Crossword clues for brie
- Camembert alternative
- Cheese from France
- Creamy cheese
- Cheese with a moldy rind
- Soft white cheese
- *Distant relative of Monterey
- Historic French region
- Cheese popular with crackers
- Big wheel at a party?
- Cheese at a cocktail party
- Easy-to-spread cheese
- White spread
- Gooey cheese
- See 19-Across
- Wheel that runs?
- Party spread
- Imported wheels?
- Soft creamy white cheese
- Milder than Camembert
- Spreadable cheese
- Soft cheese
- Hors d'oeuvre cheese
- Ripened cheese
- Cheese served with crackers
- French cheese
- Cheese on crackers
- Relative of Camembert
- Cracker topper
- Camembert kin
- White cheese
- Hors d'oeuvre topper
- Mold-ripened cheese
- It could run over a plate
- Cheese region
- High-calorie cheese
- French district that lent its name to a foodstuff
- Cheese named for a historic French region
The Collaborative International Dictionary
Brie cheese \Brie" cheese`\ (br[=e]" ch[=e]z`). A kind of soft French cream cheese; -- so called from the district in France where it is made; it is milder than Camembert; -- called also fromage de Brie, Brie and brie (uncapitalized).
Douglas Harper's Etymology Dictionary
type of soft cheese, 1848, from name of district in department Seine-et-Marne, southeast of Paris, famous for its cheeses. The name is from Gaulish briga "hill, height."
n. A variety of soft, mild French cheese made from cow's milk.
Brie (; ) is a soft cow's milk cheese named after Brie, the French region from which it originated (roughly corresponding to the modern département of Seine-et-Marne). It is pale in color with a slight grayish tinge under a rind of white mold. The whitish moldy rind is typically eaten, with its flavor depending largely upon the ingredients used and its manufacturing environment.
Brie is a historic region of northern France notable in modern times for Brie cheese. It was once divided into three sections ruled by different feudal lords: the western Brie française, corresponding roughly to the modern department of Seine-et-Marne in the Île-de-France region; the eastern Brie champenoise, forming a portion of the modern department of Marne in the historic region of Champagne (part of modern-day Champagne-Ardenne); and the northern Brie pouilleuse, forming part of the modern department of Aisne in Picardy.
The Brie forms a plateau with few eminences, varying in altitude between roughly in the west, and in the east. Its scenery is varied by forests of some size—the chief being the Forêt de Sénart, the , and the . The surface soil is clay in which are embedded fragments of siliceous sandstone, used for millstones and constructional purposes; the subsoil is limestone. The Marne and its tributaries the Grand Morin and the Petit Morin are the chief rivers, but the region is not abundantly watered and the rainfall is only between .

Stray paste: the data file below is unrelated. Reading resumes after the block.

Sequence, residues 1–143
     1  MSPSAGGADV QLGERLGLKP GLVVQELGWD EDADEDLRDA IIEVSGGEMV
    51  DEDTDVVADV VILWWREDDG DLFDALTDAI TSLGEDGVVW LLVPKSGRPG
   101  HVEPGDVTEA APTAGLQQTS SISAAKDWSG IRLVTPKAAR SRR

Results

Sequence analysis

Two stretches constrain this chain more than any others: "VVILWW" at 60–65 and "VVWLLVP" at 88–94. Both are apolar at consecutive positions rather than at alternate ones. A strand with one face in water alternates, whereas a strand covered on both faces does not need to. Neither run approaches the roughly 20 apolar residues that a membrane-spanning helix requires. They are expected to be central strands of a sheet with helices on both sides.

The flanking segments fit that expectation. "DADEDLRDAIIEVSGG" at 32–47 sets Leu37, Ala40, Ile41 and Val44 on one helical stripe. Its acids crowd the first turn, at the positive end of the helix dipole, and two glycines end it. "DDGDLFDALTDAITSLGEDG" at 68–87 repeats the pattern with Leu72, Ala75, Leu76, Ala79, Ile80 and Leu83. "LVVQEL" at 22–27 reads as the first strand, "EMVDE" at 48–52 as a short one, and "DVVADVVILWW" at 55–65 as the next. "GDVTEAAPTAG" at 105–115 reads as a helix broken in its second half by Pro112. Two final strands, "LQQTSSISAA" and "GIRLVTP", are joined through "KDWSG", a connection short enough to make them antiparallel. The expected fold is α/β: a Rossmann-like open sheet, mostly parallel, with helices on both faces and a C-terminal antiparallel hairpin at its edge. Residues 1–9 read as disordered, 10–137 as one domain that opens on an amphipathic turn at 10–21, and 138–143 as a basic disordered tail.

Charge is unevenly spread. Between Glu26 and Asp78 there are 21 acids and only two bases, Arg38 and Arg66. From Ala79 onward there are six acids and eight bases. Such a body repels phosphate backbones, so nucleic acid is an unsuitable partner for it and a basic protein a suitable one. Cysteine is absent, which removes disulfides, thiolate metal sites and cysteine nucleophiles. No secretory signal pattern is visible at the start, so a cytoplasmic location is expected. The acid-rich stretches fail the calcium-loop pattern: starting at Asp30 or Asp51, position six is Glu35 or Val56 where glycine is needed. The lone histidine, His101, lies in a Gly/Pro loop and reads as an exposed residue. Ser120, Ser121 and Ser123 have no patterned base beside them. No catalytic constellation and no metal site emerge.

- La Ferté-Gaucher
- Grand Morin
- Petit Morin
- Forêt d'Armainvilliers
- Forêt de Crécy-la-Chapelle
- Forêt de Ferrières
- Forêt de Notre-Dame
- Forêt de Sénart
- Forêt de Villefermoy
Category:Landforms of Seine-et-Marne Category:Landforms of Marne Category:Former provinces of France Category:Plateaus of France Category:Landforms of Île-de-France
Brie is a variety of soft cheese.
Brie may also refer to:
Brie is both a given name and a surname. Notable people with the name include:
- Brie Gertler, American philosopher
- Brie Howard (born 1949), American musician and actress
- Brie Larson (born 1989), American actress and pop singer
- Brie Rippner (born 1980), American retired tennis player
- Alison Brie (born 1982), American actress
- André Brie (born 1950), German politician
- Brie Bella, ring name of one of the Bella Twins, a professional wrestling tag team
Usage examples of "brie".
I hoped Brie enjoyed having the rest of her high school life organized by the Hair Club set.
What I really wanted to do was scope out the area so that I could maneuver Brie into a spot where the trick seemed effortless and unplanned.
When Brie finally looked back up at me, I could tell by the steel in her eyes that at that moment she hated me more than anything in the world.
You know, what really galled me most was that Brie had figured out my disappearing act.
When I was under the delusion I was going to show Brie up with my Houdini act, all I could think about was how I was going to smack her down a second time with some sharp and cutting comment.
Vick the superior who was not going to react to anything Brie had to say.
I sat down next to Brie on the porch, and for a moment we listened to the leaves of the bean trees rustling overhead in the dark.
I was startled to see that Brie was looking at me as if a second head had popped out between my eyebrows.
I doubted Brie, exactly, but I knew how possible it was for the new kid in school to get paranoid.
It took a lot of restraint on my part not to call Brie a cheese name at that point, but I managed.
While she was seeing Bart, Addy had spilled the beans to Brie that I was using street magic.
When Brie seemed to be after me, Addy felt guilty and turned to Gio for help.
Farther back, Brie was staring from Addy to me, puzzlement written all over her face.
By early evening, the central cauldron was full of soup or stew and all available surfaces were covered with brie tart, humble, galantine, and eel pie, haslet for the hunters, leek dishes for the lustful as well as meat laid out ready for the spit and an odd assortment of other viands depending on who was in town for what religious festival.
He began replacing the Bibb lettuce and Brie and strawberries and French bread in the paper bag.